Sean Devaney

Sean Devaney

VP, Strategy for Banking and Financial Markets

Are VRPs the end of Open banking?

Variable Recurring Payments (VRPs) are often talked about (among the more payments obsessed of us anyway!) as the next big opportunity for opening up access to banking services in the UK. But unless we get a grip on some of the fundamental commercials of the model, I think they could actually be the death of Open Banking. In this blog we’ll discuss some of the reasons for this point of view and hopefully suggest a couple of ways that it can be avoided.


What is VRP?

So what is a VRP? Well, up to now Open Banking has only really allowed us to gather account information from multiple providers and present it as a consolidated view, for things like personal finance management tools and alternative credit checking models, or to make individual, one-off, payments. VRP is set to change that by allowing you, the account holder, to set up a repeating payment authority. In a lot of ways the functionality is similar to that of direct debit, you are giving a 3rd party, say a utility company, permission to move money from your account to pay for goods or services, or to sweep money into a savings account (more on that later).

There are however a number of key features of VRP that set it apart from Direct Debits. Like a direct debit, the destination of the payment is fixed (i.e. the account of your utility company), but unlike direct debits, the number and/or frequency of payments is limited and there are clear parameters around the amount that can be paid out, either as an individual payment or during a given period, say a month or a year.


What do the banks have to do and by when?

Well, that’s still a little unclear from my perspective. VRPs are the final part of the ‘Competition and Markets Authority order’ that compelled the 9 biggest retail banks, the CMA9, to implement Open Banking. But the CMA order only relates to VRPs for sweeping, and even then it’s only the CMA 9 that are compelled to be compliant.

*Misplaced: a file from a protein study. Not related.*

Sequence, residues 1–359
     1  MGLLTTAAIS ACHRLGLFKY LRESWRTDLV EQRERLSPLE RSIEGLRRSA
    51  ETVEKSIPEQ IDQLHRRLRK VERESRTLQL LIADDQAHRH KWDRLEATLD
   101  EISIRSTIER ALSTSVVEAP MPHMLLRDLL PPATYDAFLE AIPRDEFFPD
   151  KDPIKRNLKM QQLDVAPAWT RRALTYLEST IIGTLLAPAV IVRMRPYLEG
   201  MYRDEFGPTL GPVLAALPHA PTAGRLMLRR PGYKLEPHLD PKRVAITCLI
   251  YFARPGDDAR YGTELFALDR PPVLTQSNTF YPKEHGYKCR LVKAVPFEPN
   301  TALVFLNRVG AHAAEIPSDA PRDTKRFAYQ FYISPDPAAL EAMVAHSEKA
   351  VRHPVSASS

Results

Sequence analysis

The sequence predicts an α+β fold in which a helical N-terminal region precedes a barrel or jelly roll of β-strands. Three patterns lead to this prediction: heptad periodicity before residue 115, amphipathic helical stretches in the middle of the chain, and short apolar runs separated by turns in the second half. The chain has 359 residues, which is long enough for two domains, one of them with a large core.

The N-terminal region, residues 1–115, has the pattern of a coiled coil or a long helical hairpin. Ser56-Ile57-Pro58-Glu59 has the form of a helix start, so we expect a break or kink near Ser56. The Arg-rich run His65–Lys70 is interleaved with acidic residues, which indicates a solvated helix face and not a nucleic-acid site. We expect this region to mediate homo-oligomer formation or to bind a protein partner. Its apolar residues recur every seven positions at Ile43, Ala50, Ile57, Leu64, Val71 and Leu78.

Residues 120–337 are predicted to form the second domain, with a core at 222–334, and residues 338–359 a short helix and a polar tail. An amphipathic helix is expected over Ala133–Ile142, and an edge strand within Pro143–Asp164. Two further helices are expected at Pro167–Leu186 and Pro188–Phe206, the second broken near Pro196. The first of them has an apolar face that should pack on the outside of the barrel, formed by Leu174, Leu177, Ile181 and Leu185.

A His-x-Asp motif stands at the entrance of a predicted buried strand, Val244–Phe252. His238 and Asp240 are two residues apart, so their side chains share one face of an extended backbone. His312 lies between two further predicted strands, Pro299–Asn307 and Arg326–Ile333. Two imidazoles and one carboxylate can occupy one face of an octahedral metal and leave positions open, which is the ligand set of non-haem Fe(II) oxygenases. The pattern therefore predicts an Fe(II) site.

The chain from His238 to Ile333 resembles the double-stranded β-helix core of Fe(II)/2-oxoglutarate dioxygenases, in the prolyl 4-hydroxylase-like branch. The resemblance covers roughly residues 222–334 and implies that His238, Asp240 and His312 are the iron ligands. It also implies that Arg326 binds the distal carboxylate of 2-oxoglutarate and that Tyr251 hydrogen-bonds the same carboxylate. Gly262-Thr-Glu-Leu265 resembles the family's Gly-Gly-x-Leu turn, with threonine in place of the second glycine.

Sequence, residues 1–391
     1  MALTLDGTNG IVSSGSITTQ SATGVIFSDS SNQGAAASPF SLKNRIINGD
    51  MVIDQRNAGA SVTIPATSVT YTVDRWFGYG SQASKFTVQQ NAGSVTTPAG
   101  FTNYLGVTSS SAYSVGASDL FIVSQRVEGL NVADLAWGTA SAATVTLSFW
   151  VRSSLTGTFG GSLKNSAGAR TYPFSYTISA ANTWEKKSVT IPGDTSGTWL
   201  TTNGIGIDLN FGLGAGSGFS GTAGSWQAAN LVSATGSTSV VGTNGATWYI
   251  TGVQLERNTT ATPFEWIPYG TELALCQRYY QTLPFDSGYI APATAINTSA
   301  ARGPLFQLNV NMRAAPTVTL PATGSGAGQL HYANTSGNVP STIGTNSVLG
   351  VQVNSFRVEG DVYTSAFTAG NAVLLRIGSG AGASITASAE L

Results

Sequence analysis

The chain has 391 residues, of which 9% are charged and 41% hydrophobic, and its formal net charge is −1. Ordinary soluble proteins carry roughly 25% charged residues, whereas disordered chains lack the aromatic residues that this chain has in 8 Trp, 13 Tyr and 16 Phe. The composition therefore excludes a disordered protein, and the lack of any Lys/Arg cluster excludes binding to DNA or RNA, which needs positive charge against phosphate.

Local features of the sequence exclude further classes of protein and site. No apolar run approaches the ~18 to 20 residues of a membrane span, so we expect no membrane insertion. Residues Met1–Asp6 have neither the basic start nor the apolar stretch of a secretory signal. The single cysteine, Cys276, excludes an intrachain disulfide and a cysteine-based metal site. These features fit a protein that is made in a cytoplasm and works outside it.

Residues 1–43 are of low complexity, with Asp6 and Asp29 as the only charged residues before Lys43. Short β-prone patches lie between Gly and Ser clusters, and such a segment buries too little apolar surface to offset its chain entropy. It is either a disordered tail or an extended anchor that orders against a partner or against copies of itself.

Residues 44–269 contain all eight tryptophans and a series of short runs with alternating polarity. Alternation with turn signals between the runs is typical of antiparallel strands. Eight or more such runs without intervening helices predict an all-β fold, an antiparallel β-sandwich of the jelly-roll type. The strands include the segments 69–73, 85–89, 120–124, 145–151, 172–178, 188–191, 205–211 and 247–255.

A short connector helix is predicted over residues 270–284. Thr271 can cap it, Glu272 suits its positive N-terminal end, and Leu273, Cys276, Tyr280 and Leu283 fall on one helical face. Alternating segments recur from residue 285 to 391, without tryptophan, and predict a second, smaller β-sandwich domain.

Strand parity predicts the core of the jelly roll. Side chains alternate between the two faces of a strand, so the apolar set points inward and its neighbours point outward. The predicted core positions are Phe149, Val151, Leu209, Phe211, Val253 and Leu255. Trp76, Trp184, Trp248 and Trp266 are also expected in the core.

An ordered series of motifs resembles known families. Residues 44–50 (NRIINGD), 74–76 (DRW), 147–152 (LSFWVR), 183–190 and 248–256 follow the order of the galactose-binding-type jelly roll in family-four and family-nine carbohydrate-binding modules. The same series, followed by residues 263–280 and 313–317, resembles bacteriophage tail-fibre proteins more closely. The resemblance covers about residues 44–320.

Here’s the critical bit; other VRP use cases could be chargeable, but there is no ruling on who can be charged or by how much.

I think that the reality is that when you are looking at the various use cases for VRPs they all essentially use the same set of APIs and set out the structure of the VRP in the same way as the sweeping use case. It’s hard to see the justification for the banks blocking these types of use cases just because they haven’t been compelled to allow them. The difficult work has already been done, setting up the rules around duration and value for VRPs within the consent model that Open Banking already has built in.


Will this be chargeable?

As I mentioned earlier, sweeping won’t be charged for, as that’s mandated by the CMA, but other VRP use cases could well be charged for.

This type of chargeable model could represent a step change for the relationship between banks and third parties that provide innovative services off the back of Open Banking. At the moment, one of the unique aspects of the UK’s Open Banking model is that there is no requirement for a contractual relationship between these third party providers and the banks, only with the Open Banking Implementation Entity and the regulator.

It’s this effectively single point of integration that allows new entrants to come into the market and immediately be able to connect to the vast majority of personal and SME payment accounts.

So, assuming that the banks want a return on their investment for VRP, there is a question as to who will end up paying for the service; will it be the billers (who are after-all going to end up with the funds in the end), or will it be the payer, who is choosing to use VRPs as opposed to the various other payment mechanisms that they can use. Or will it be the TPP who is providing the service?

For consumer VRPs, I would expect this to be free at point of use, notwithstanding monthly fees, etc. that certain account types attract.

For businesses it’s a different proposition. Businesses are well used to being charged for both the debit and credit side of the transaction.

I think it will be interesting to see what the various banks do in respect of defining the charging models. Those that see VRPs as a threat to existing card revenues will, I expect, look to billing TPPs, with the contractual entanglement that goes with that. Those that see VRPs as an opportunity to leverage their data and to provide customers with novel solutions will, I think, look at charging the billers.

I’d love to hear your views on this as well, so please get in touch with me or you can listen to our recent podcast on VRP where my CTO colleague and I discuss the VRP topic together.

About this author

Sean Devaney

Sean Devaney

VP, Strategy for Banking and Financial Markets

Sean is Vice President of Strategy for Banking and Financial Markets at CGI, specialising in the Payments domain with significant exposure to regulatory change, payments strategy and the outsourcing industry. He has 20 years of experience in the Financial Services industry, ranging from the design ...